Select Committee on Select Committee on the Adoption and Children Bill Appendices to the Minutes of Evidence


Memorandum submitted by Cathy Henderson

  I believe that there are major changes that need to be made to this Bill before it becomes law.

  Britain seems to practise "closed" adoption by severing all ties with the birthfamily. The only time an adoption should be ``closed`` is if there is any abuse involved. Otherwise this goes against the spirit of the United Nations Convention on Children's Rights which states that "the State has a duty to maintain family ties."

  Birthparents and adoptees should not have their ties severed simply because of youth or poverty.

  "Open" adoption would ensure that the adoptive parents keep their ``parental rights'', and would insure that the child would still have ``family ties''. Open adoption is practised in many places in the world including Canada and the United States. Why isn't it practised here?

  Parental rights and family ties are two different things—they are not interchangeable. A child has a right to a family heritage as well as an up-to-date medical history. A child has a right to blood relatives. To deny anyone these is to break the UN Convention on their Rights, whether they are child or adult. Britain seems to be behind on "Open" Adoption issues when compared with other countries. Why? What is wrong with keeping the birthfamily informed of the child's welfare? It would help many birthparents come to terms with the adoption. Most birthparents never recover from a closed adoption—not knowing if your child is dead or alive is endless purgatory. Most birthparents end up on anti-depressants—some even commit suicide from the endless despair of not knowing. All birthparents want to know is that their child is thriving—all it takes is letters and pictures. Why is that so much to ask. To deny the crumbs of childhood shows greed and selfishness on the part of adoptive parents who should remember where that child came from and the lifelong depression that the birthmother will suffer from that loss for their gain. Birthmothers have had enough of being made invisible—especially from past bad treatment.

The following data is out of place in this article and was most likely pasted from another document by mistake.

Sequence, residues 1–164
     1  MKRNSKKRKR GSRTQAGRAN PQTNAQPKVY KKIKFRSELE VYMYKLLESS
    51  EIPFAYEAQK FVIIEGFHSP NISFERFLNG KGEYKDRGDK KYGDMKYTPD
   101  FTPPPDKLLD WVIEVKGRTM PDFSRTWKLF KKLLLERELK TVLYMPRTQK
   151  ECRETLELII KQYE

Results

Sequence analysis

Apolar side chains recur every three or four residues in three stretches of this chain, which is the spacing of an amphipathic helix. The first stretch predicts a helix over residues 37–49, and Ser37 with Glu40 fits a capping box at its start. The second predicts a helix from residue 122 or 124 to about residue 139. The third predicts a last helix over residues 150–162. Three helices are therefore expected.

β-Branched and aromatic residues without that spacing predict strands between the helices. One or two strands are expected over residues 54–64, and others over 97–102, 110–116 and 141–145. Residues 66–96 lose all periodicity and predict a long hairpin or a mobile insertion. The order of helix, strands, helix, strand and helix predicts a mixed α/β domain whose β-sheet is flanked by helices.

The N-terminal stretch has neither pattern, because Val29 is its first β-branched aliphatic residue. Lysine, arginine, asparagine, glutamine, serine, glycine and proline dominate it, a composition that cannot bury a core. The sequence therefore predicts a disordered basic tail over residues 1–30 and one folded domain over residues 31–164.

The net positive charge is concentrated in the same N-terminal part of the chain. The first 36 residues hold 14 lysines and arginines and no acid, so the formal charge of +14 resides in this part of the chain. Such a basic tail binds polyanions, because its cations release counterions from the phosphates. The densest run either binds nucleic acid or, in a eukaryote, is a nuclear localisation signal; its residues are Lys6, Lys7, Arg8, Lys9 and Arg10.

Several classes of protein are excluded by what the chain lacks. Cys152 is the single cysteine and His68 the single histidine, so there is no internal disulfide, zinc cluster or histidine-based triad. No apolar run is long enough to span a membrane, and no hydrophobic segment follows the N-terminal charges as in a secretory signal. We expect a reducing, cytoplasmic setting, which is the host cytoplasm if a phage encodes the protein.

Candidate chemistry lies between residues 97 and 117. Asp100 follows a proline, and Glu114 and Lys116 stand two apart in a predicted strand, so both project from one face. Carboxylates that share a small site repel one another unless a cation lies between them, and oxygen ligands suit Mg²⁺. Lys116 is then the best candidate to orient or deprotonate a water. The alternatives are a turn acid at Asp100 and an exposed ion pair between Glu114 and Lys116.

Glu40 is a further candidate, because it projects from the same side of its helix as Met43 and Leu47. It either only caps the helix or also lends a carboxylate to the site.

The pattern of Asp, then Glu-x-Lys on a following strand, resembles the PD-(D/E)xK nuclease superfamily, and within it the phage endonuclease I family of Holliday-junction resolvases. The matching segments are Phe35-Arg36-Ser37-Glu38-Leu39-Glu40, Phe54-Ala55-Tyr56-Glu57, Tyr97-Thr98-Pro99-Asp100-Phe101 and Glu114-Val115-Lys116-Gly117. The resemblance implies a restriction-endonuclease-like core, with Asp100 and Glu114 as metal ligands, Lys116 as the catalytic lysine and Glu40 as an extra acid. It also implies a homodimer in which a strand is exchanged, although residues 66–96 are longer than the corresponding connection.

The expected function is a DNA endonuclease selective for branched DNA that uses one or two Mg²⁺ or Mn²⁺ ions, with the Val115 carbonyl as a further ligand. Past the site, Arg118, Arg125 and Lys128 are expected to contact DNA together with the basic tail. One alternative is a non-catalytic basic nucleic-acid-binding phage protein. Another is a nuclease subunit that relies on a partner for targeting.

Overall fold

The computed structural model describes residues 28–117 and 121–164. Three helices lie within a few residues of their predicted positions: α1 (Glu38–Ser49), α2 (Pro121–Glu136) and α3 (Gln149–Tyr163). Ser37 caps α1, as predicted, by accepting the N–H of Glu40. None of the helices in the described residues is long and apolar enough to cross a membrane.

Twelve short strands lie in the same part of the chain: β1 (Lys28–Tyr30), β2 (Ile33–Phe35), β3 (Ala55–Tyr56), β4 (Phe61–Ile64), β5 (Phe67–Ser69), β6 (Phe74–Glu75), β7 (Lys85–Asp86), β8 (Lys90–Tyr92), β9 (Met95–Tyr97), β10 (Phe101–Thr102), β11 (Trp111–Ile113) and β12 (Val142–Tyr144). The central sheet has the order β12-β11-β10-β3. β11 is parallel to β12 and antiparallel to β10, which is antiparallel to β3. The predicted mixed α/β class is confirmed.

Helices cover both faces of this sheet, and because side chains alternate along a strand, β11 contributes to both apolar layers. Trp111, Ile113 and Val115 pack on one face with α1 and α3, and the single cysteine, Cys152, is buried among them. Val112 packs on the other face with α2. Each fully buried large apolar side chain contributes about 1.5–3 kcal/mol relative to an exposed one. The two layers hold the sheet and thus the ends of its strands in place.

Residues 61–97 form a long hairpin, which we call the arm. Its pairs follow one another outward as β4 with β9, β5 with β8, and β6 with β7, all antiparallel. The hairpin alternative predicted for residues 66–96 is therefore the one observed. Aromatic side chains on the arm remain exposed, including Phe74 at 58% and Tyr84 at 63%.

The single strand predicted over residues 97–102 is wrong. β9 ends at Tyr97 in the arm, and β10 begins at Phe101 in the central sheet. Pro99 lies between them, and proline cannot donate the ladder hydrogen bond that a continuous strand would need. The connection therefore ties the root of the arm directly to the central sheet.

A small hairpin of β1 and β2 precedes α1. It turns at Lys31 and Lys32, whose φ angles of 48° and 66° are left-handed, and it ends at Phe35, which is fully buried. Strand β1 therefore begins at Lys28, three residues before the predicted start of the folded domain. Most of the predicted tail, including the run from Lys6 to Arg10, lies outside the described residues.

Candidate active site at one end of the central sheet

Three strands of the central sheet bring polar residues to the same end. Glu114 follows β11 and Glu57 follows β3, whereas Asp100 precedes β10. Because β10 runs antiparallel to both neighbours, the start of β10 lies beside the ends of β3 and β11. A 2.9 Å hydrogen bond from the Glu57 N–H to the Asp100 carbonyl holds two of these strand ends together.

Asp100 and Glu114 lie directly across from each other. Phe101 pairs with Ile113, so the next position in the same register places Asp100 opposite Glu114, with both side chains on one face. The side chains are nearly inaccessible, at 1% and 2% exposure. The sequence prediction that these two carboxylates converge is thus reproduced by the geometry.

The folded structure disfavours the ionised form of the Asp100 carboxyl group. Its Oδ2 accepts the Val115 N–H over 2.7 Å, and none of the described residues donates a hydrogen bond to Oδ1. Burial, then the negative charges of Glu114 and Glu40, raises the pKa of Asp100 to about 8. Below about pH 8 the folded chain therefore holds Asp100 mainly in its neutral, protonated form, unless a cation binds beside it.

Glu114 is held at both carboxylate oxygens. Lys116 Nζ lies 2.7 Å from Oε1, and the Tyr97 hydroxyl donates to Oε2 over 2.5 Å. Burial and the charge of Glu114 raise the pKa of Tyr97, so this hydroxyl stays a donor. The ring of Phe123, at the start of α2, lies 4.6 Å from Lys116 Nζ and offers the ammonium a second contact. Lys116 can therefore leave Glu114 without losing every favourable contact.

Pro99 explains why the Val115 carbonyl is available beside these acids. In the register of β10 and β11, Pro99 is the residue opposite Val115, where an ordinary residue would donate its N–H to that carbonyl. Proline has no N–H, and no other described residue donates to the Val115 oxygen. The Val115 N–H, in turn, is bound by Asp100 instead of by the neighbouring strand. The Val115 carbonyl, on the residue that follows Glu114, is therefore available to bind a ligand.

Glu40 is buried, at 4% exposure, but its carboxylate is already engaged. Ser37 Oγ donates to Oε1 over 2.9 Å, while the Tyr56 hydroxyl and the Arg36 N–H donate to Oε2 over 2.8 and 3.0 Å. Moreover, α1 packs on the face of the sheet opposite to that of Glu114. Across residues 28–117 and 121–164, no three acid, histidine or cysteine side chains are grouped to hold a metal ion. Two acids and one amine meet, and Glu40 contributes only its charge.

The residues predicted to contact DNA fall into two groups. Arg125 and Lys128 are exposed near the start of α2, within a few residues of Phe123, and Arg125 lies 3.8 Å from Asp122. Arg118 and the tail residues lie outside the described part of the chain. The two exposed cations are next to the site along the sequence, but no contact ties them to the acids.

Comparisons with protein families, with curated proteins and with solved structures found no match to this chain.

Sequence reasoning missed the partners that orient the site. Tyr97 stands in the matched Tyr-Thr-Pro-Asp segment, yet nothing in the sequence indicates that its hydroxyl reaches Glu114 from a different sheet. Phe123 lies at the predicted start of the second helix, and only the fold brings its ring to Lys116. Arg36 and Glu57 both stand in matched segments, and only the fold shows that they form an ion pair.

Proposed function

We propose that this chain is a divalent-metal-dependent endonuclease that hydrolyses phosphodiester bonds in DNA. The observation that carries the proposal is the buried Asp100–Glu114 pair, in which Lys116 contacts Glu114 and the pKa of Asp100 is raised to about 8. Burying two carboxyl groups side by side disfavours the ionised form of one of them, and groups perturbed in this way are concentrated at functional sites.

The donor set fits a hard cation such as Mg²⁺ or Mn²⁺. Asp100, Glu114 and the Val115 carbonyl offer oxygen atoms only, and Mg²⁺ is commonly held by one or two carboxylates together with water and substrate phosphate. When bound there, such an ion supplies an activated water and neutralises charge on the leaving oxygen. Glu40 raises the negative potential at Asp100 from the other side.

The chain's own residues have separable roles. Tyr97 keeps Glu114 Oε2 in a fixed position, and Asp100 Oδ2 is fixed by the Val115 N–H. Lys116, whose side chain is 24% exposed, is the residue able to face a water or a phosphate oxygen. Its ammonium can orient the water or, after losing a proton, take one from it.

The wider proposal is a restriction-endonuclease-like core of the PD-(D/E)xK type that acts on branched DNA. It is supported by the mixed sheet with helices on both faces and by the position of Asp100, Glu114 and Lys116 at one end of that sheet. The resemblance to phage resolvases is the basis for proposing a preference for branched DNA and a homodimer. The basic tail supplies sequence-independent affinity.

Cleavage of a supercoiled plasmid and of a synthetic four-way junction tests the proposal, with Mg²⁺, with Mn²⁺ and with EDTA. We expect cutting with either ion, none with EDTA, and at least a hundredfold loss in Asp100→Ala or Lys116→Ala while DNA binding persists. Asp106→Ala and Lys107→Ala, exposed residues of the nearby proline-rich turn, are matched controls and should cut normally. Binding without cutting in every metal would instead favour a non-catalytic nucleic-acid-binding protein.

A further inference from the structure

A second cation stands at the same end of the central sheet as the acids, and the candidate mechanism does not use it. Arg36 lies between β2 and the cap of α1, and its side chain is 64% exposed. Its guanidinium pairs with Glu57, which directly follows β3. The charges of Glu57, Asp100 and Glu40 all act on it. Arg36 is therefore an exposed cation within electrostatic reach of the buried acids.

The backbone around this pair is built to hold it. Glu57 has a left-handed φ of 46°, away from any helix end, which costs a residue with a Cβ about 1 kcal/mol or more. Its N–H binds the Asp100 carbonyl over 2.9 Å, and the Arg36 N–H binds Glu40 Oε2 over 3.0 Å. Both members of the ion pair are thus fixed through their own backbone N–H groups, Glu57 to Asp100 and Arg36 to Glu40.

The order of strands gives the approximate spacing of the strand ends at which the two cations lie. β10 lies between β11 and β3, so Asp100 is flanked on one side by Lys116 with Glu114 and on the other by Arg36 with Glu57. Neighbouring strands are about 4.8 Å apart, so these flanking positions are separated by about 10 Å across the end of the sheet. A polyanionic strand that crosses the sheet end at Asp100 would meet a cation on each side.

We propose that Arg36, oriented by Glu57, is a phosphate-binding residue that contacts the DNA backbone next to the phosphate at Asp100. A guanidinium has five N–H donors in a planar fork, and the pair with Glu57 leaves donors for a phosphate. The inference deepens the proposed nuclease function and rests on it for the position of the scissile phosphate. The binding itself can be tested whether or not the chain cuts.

Another thing that needs to be looked at is that the search is at the discretion of the adoption agency—this cannot guarantee a high standard of uniform service. This should not be a discretion on the part of a stranger—it should be a legal right. The only time there should not be a search is if there has been any abuse involved. Anyone who does not want to be found can simply give the adoption agency a letter of veto.

  Are records going to be open? If not, why not? In British Columbia in Canada last year, all records were open. If a person did not want contact, then all they needed to do was put in their file a ``No Contact'' veto.

  Only 0.04 per cent put in these vetoes.

  In other words, 99 per cent of people want contact. What right have you to deny the vast majority of people?

  Please take note of all the things in this email. It is very important. I speak from first-hand experience as a birthmother searching for her son. Are any of the committee members birthparents or adoptees—if not why not? I have found that people do not truly understand our "needs" if they are not one or the other. Birthparent/relatives and adoptees need to be represented on the Committee.

  Many thanks for listening. Please make these important changes. It will make millions of people very happy if you do. Adoptees will find family and birthparents can die in peace.

April 2001

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